“Sometimes there are political forces that might impact how police departments themselves classify crimes,” Dr. Barnes said.
“My main concern is that that number would be allowed to misrepresent to the public or to elected officials or policy makers the veracity of how many people are being affected,” said Maxine Doogan, a prostitute and activist. “My concern is that it would misappropriate already scarce resources into the already failed policy of arresting trafficked victims for prostitution.”
Doogan’s worries are not unfounded. In 2010, a sex trafficking victim was arrested in Alaska and charged with 24 counts of conspiracy to commit trafficking. In 2014, closely coinciding with the release of the 2013 Uniform Crime Report, the Alaska Bureau of Investigations started a new unit focused on sex trafficking. The Special Crimes Investigative Unit’s main purpose, according to a 2015 status report, is to “locate and rescue juvenile victims that are being forced to work as prostitutes in the commercial sexual exploitation of children,” but they have yet to charge anyone with trafficking a minor. Instead, they have arrested a sex worker who provided safety services to other sex workers, refused to take reports from sex workers who were crime victims, and followed up on other reports by contacting sex worker victims in a threatening or sexual manner. Human error and even incompetence in Alaska’s police departments may be forgivable, but these activities are not.
Cops sexually abusing prostitutes and people they catch with drugs is something which has been a HUGE issue for me for some time now. Long time sex worker activist Norma Jean Almodovar has been shouting from the mountain tops about this for many years. The Holtzclaw case was not the first, and while it has been framed as an attack on black women, and perhaps Holtzclaw did single out black women, what is obvious to me, is that he was preying upon prostitutes and women with criminal records. Looking at the broader picture, as in the wide variety of other cops, DA’s, Judges and law enforcement who have preyed upon sex workers with the complicit activities of prosecutors and investigating officers once a courageous woman has stepped forth to report, it is not an issue about race, it is an issue about opportunity and abuse of power. Black officer Anthony Rollins of Alaska had been protected for years by his badge, and had over 30 victims once finally brought to justice. Hispanic cop Sergio Alvarez of Sacramento had over 35 victims before he was finally brought down. There is a long list of these cop predators at Norma’s site in addition to an even longer list of pedophile cop abusers. I’ll never forget reading about the case of a police chief raping a three year old baby twice and getting PROBATION. many of these disgusting meat bags get questionable sentences and too often don’t have to register as sex offenders. THANK GOODNESS this case got ANY press at all! The Rollins and Alvarez cases happened as recently as 2012-13 and did you know about them? 35 victims is a LOT. their victims were of various ethnicities just as the predators are of various ethnicities. But we can JUST focus on ‘certain’ ethnicities which is what has happened in the Holtzclaw case. Had the women been white, I’m wondering if there would’ve been any press other than a few local reports. Let’s not forget that it took a woman with no criminal history for the Holtzclaw case to gain any traction! Otherwise, had he not raped a woman with a clear record, regardless of anyone’s skin color, he would likely still be raping. Very sad. Our people should be heard and appropriate action taken by authorities when they are sexually assaulted or raped by law enforcement. Let’s not forget that in various regions of the USA cops & FBI agents are allowed sexual contact with sex workers to arrest them. I don’t call that consensual. Or the woman judge who decided gang rape of an escort at gun point was merely ‘theft of services’. Or the other bitch Judge who said she wouldn’t bring rape charges against a cop because she didn’t think jurors would accept that a prostitute could be raped.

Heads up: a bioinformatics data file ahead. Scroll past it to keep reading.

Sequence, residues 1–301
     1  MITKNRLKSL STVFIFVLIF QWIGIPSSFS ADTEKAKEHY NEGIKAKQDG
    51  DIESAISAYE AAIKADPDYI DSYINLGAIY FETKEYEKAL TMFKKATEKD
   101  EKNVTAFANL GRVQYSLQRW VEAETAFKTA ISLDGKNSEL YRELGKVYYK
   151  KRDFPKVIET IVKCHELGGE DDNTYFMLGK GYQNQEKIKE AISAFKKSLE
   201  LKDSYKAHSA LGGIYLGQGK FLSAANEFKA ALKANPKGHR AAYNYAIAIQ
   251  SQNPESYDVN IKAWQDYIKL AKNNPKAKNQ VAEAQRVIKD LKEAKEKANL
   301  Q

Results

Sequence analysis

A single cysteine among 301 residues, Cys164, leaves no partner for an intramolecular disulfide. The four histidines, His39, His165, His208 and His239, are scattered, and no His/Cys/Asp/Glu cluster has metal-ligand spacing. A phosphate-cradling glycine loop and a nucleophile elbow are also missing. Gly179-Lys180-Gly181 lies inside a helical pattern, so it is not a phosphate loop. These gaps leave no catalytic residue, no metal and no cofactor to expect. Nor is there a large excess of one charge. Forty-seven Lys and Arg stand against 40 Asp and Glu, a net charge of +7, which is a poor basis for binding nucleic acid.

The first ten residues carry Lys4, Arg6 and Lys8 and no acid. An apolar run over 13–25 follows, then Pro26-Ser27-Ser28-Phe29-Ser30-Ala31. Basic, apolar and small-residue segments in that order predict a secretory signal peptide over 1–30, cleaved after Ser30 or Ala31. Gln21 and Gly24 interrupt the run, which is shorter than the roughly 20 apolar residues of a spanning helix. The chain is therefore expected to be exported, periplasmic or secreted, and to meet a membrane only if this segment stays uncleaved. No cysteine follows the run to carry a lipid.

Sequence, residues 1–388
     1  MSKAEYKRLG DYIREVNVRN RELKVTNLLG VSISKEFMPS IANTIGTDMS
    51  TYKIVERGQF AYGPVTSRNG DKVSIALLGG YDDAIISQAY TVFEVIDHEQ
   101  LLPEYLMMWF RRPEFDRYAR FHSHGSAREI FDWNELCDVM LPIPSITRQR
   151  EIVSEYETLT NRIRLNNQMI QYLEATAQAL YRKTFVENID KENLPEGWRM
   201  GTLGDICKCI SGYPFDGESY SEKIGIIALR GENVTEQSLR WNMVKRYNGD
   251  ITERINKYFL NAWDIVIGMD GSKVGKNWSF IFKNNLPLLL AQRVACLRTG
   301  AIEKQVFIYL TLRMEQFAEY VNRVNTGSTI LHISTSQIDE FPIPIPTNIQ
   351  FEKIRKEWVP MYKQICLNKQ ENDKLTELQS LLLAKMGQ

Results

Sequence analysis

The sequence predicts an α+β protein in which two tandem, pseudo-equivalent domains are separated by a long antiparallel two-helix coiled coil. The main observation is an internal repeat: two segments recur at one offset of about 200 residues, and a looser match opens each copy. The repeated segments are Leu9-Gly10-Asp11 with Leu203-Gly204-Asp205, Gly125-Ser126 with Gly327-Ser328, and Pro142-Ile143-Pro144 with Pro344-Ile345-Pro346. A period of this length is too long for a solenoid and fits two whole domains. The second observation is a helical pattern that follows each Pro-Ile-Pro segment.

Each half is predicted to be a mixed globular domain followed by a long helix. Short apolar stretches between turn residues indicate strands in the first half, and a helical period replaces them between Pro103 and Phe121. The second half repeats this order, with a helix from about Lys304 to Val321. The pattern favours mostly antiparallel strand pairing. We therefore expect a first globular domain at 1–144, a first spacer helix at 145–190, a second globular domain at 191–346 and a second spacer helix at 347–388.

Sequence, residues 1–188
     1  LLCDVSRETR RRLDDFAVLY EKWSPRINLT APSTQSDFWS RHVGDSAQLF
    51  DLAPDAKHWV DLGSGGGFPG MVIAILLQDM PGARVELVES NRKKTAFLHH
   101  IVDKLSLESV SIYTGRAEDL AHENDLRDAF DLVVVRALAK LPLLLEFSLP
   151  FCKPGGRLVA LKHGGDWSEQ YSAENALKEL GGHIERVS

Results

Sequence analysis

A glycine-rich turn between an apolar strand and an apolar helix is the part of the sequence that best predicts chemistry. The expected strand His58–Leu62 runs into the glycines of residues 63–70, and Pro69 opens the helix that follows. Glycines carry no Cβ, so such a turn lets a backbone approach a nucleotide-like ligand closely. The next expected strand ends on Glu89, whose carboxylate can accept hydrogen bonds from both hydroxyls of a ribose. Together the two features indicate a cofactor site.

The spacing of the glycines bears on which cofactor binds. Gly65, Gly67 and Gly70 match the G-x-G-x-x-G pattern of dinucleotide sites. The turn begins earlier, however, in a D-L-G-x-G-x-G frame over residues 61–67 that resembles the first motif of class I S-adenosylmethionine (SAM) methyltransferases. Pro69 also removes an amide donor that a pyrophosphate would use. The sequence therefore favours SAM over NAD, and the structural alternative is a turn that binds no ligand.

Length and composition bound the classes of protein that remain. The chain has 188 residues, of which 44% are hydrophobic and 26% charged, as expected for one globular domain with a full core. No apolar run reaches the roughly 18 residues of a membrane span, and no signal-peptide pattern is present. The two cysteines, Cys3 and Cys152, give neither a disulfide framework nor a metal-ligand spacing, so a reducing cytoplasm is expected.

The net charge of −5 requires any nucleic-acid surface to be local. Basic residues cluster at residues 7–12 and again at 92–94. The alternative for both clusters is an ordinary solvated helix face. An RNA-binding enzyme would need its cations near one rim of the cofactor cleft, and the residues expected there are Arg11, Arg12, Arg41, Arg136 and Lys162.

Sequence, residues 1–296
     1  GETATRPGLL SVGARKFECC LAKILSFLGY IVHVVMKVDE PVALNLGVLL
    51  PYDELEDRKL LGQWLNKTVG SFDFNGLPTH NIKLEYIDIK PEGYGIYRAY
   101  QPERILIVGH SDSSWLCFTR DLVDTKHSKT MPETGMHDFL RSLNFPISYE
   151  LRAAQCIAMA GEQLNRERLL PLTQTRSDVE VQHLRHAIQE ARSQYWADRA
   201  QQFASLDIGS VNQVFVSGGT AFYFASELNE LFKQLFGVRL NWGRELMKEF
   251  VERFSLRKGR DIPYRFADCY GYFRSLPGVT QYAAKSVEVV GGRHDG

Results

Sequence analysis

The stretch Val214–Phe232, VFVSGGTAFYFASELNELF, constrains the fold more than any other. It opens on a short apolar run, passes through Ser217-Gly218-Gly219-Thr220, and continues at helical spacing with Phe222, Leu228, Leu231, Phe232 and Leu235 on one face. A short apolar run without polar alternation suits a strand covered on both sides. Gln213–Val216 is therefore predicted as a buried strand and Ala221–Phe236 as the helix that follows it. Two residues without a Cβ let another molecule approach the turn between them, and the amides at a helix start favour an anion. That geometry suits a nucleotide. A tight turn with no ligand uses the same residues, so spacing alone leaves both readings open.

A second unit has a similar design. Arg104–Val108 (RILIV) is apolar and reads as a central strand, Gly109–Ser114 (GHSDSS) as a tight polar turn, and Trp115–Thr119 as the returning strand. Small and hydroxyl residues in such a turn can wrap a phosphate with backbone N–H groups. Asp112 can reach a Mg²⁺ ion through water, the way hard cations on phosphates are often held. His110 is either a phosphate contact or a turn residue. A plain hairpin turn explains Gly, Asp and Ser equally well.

Narratives can help. But as we have seen far too often, narratives can also derail much needed discussions so that nothing really changes.
Holtzclaw one among many: https://youtu.be/wI8e_IRr3yM
Minors considered to be trafficking victims don’t trust cops: https://youtu.be/G5fZ1kIrhi8
If my cop raping post posted here, it seems something went wrong. I was on the Holtzclaw page but now it’s on Tara’s story. Not sure how that happened. Gotta love technology. LOL.
[…] worker who sat for an interview with us several months ago. In a recent story she published called 602 Imaginary Prostitutes Were Arrested in Alaska Three Years Ago she explains how the dubious nature of the rescue industry starts with problems in the statistics […]
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[…] data doesn’t exist, the rescue industry develops creative definitions of trafficking in order to boost their numbers, justify their existence, and gain access to more […]